- Earnings data, as well as attention to the FOMC decision
- There’s no luck on one of the few issues that might rekindle affection
- 20, 100, and 200-Day SMA; ‘Wicks’ (Daily) of QQQ Nasdaq 100 ETF; Volume vs Price Chart of QQQ Nasdaq 100 ETF
How events affect the markets
There were several top-tier primary occurrences and themes this past week in late April 2022, some of which might have set the market in motion even though there was a lot of anticipation.
After a month of increasingly intense speculation designed to build up anticipation for an accelerated approach of monetary policy tightening from the FED, we were finally in the media blackout period, which would allow other issues to feed wild rumours. However, despite this, it appears that the dollar’s relentless rise was the only consistency we could discover during the past week.
Bulls or Bears?
The market, as predicted, steamrolled over the first quarter GDP data release, which came in a shocking -1.4 per cent against expectations of 1.1 per cent growth. It was simpler to overlook a ‘lagging’ indicator like this, but the earnings side of the equation had a lot more potential. The stock market’s top five most valuable firms, FAANG (Facebook, Amazon, Apple, Netflix, and Google parent Alphabet), failed to provide the full-tilt move bulls or bears were searching for during the week.
While the US corporate earnings season will continue throughout the following weeks, we have breached the pinnacle. In the past week, we took in Facebook, Apple, Amazon, and Google earnings and below is a breakdown of our findings.
Amazon and Google failed to meet expectations, but Meta (parent of Facebook) beat expectations by a small margin to balance out the prior quarter. We ended up with a net balance for the Nasdaq 100 that ranged from 13,500 to 13,000. According to Forbes, Apple is the world’s largest company, with a market capitalization of $2.67 trillion. The firm exceeded expectations by posting a $1.52 earnings per share on $97.28 billion revenue, but it also announced an additional $90 billion buyback and a penny increase in the dividend to $0.
Even though AAPL’s pre-market plunge was expected, the effects of this unquestionably positive news would still see it plunge through after-hours trade. The same macro concerns that continue to plague the economy are also evident in these companies’ forecasts.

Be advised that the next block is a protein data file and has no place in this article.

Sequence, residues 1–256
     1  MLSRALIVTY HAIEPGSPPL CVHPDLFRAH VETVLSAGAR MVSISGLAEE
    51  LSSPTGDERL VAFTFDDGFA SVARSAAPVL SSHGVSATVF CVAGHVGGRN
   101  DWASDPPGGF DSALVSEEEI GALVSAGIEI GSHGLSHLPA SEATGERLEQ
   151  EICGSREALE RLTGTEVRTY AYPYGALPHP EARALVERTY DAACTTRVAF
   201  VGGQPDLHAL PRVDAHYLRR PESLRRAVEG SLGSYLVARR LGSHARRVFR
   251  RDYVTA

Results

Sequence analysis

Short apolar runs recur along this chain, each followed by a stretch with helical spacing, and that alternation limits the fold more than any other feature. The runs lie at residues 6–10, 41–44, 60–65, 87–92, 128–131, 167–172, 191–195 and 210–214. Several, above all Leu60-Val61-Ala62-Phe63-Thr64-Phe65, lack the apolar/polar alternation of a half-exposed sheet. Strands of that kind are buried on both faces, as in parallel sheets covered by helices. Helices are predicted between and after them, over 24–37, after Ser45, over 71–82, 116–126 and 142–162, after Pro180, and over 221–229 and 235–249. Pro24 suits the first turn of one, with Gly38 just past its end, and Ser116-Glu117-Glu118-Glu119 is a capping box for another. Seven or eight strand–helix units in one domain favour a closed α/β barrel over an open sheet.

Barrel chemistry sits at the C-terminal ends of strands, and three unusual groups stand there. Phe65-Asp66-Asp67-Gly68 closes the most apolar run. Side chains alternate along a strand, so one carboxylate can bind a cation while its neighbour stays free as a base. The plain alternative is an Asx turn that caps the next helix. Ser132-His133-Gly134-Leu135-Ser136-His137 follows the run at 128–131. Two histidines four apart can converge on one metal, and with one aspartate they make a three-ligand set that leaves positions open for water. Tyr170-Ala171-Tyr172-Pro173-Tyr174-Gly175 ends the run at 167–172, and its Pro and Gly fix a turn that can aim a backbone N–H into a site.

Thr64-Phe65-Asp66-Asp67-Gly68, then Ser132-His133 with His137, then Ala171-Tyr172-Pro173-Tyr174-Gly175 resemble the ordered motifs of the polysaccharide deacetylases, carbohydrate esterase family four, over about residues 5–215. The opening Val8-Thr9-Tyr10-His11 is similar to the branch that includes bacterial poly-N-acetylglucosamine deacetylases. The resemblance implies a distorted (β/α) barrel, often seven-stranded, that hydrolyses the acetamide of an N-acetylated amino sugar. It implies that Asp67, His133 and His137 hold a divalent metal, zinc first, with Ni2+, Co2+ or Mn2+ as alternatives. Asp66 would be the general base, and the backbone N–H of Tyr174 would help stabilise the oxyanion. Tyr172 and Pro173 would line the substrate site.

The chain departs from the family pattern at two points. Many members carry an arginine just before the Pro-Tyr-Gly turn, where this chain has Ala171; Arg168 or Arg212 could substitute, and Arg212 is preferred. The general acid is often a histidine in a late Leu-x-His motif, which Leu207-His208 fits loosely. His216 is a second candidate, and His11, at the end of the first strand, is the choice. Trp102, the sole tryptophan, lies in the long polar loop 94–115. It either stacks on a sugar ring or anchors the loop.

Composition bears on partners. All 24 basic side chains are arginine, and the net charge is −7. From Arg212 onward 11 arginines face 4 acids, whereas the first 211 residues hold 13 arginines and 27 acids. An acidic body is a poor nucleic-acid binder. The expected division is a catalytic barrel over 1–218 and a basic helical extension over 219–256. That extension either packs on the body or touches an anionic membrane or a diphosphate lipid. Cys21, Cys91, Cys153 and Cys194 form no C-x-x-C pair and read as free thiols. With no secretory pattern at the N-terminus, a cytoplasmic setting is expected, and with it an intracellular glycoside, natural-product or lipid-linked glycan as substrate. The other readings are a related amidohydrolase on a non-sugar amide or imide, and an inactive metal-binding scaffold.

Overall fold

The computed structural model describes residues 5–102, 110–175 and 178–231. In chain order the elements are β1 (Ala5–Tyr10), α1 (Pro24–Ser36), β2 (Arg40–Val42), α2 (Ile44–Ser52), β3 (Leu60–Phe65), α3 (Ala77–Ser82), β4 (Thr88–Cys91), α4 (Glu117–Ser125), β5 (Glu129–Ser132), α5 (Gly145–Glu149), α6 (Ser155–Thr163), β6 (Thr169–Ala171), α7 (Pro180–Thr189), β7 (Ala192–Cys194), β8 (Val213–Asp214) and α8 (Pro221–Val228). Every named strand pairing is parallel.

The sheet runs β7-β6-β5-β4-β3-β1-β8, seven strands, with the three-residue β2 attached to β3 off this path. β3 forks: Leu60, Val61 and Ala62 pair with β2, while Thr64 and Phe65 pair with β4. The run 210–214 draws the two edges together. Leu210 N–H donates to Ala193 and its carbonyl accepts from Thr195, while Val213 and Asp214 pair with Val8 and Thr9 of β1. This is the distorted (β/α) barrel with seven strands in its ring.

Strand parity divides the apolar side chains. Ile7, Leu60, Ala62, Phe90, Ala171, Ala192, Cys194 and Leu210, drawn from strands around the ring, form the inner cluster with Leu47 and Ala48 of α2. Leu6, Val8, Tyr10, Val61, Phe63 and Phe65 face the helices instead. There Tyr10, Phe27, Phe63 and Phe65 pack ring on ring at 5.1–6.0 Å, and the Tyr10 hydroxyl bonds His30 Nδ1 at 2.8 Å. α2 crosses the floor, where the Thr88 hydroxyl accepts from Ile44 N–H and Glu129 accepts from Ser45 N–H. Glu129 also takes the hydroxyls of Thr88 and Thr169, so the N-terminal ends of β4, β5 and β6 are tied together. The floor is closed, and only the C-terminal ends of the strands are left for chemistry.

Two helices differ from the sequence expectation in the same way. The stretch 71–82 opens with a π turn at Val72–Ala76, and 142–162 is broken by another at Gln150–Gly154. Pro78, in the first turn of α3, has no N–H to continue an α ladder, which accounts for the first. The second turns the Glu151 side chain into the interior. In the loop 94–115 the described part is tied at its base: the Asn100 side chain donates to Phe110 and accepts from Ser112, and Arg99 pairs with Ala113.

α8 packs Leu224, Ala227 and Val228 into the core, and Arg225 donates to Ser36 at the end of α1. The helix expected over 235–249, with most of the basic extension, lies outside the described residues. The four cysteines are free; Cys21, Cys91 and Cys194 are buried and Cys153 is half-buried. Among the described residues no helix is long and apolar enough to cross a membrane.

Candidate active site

“What’s next, Cap?”
A wide variety of top event risks with a monetary policy flavour and mainly a fed focus.
There is still room for the earnings season to impact markets in the future, but it’s more likely that economic issues will create more friction in the financial system.
The latest statistics on the economy’s growth and sectoral updates will have an impact on the investment climate in the future. Even though the ISM service sector activity report for April is buried beneath more considerable event risk, it’s essential information to watch.
On the other hand, the week ahead is defined mainly by monetary policy.
The Federal Reserve dominates the global market mood but doesn’t overlook the other major players in light of their policy changes. The Reserve Bank of Australia (RBA) is expected to raise its benchmark by 25 basis points, while the Bank of England (BOE) will increase the hawkish pace by 50 basis points.
Although it is somewhat off the beaten track from the majors, it’s worth keeping an eye on the Brazilian central bank’s policy decision, which is expected to see a 100 basis point increase – even though markets anticipate it.
Calendar of major economic events
Overall, the FOMC decision should be where we devote our mental energy to thinking through our realistic scenarios. It is significant because the central bank has spent weeks trying to create a more aggressive policy path ahead, despite the rampant inflation the world is facing – not to mention that rate hikes don’t assist much in addressing supply-side issues.
The market is anticipating a 50bp rise (97 per cent according to futures) as even dovish members have said it will occur. That is where you will not find the speculative fight between value and discounting. Instead, the future adjustments, such as a rate increase in June and July and a possible charge in quantitative tightening, are still uncertain and highly speculative.
Because of this, a revealed half per cent price increase should be acknowledged quickly, and then we go into the statement and press conference commentary that follows 30 minutes later. Even though equities have dropped significantly, and the dollar has vanished from the atmosphere, they may still extend farther in these directions.